Egypt’s parliament on Tuesday passed amendments to the constitution that could see President Abdel-Fattah el-Sissi remain in power until 2030.
The vote, which sends the amendments to a national referendum, was seen by critics as another step back to authoritarianism, eight years after a pro-democracy uprising ended autocrat Hosni Mubarak’s three-decade rule.
The 596-member assembly, packed with el-Sissi’s supporters, overwhelmingly gave its initial approval in February, sending it to the Constitutional and Legislative Affairs Committee to finalize the wording before Tuesday’s final vote.
“Today we are concluding what we started in February,” speaker Ali Abdel-Al said at the beginning of the session. “In this great day, we offer to the Egyptian people a draft bill of the constitutional amendments.”
The national referendum will likely take place before early May when the Muslim holy month of Ramadan starts.
Since early April, the Egyptian capital has been awash with large posters and banners encouraging people to vote in favor of the changes. In Cairo’s central Tahrir Square, where mass protests became the symbol of the 2011 anti-Mubarak uprising and of hopes for democratic change in Egypt, the posters urge people to vote in the referendum.
“Take part, say … ‘yes’ for the constitutional amendments,” says one banner near the pro-government Nation’s Future Party. Most of the posters were apparently funded by pro-government parties, businessmen and lawmakers.
The constitutional changes would only extend a president’s term in office from four to six years and allow for a maximum of two terms. But they also include a special article specific to el-Sissi that extends his current second four-year term to six years and allows him to run for another six-year term in 2024 — potentially extending his rule until 2030.
Justifying this clause, speaker Abdel-Al said it was aimed at “political justice … and the required stability.”
The February draft of the special article was different, proposing to allow el-Sissi to run for two more six-year terms after his current term expires in 2022, possibly putting him at the helm of Egypt until 2034.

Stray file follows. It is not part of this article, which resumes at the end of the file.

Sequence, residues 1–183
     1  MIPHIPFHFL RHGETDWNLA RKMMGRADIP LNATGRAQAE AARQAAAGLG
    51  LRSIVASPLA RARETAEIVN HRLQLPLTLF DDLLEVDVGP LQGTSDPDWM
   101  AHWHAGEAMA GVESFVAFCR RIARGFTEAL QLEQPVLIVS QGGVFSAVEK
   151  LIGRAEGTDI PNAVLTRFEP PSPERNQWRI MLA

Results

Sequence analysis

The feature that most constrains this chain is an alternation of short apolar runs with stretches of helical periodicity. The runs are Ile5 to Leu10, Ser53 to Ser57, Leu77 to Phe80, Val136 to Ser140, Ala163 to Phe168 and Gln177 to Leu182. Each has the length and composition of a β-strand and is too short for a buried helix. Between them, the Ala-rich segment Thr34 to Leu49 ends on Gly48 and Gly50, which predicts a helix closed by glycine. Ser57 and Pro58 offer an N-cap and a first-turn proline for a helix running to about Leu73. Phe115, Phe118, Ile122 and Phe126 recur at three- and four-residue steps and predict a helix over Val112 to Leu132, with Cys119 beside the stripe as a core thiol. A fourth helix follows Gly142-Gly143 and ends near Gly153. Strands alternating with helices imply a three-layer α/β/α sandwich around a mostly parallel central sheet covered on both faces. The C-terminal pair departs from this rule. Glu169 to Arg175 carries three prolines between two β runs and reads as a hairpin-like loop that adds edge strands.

No reason was given for the change, apparently made by the committee that drafted the final version of the text.
Lawmaker Ahmed Khalil said his Salafi Nour party, which promotes strict adherence to sharia law, rejected the proposed changes because the constitution states that Egypt is a civilian state, which is understood by some people as a “secular country.” Sharia law, or Islamic law, is based on Islamic principles, particularly those found in the Quran and Hadith.
Abdel-Al said a civilian state does not mean a secular, religious or military state. “The civilian state is far different from the three,” he said.
It has been nearly six years since el-Sissi led the military overthrow of the country’s first freely elected but divisive Islamist president, Mohammed Morsi, after mass protests against his rule.
El-Sissi was elected president first in 2014 and re-elected to another four-year term last year after all potentially serious challengers were arrested or pressured to withdraw from the race.
The amendments also introduce one or more vice presidents, revive the senate and enshrine a 25% quota for women in parliament’s lower, legislative chamber. It also includes provisions for what it describes as adequate representation for workers, farmers, youth and people with special needs.
The amendments also allow the president to appoint top judges and bypass judiciary oversight in vetting draft legislation. They declare the military the “guardian and protector” of the Egyptian state, democracy and the constitution, while also granting military courts wider jurisdiction in trying civilians.
In the last three years, over 15,000 civilians, including children, have been referred to military prosecution in Egypt, according to Human Rights Watch.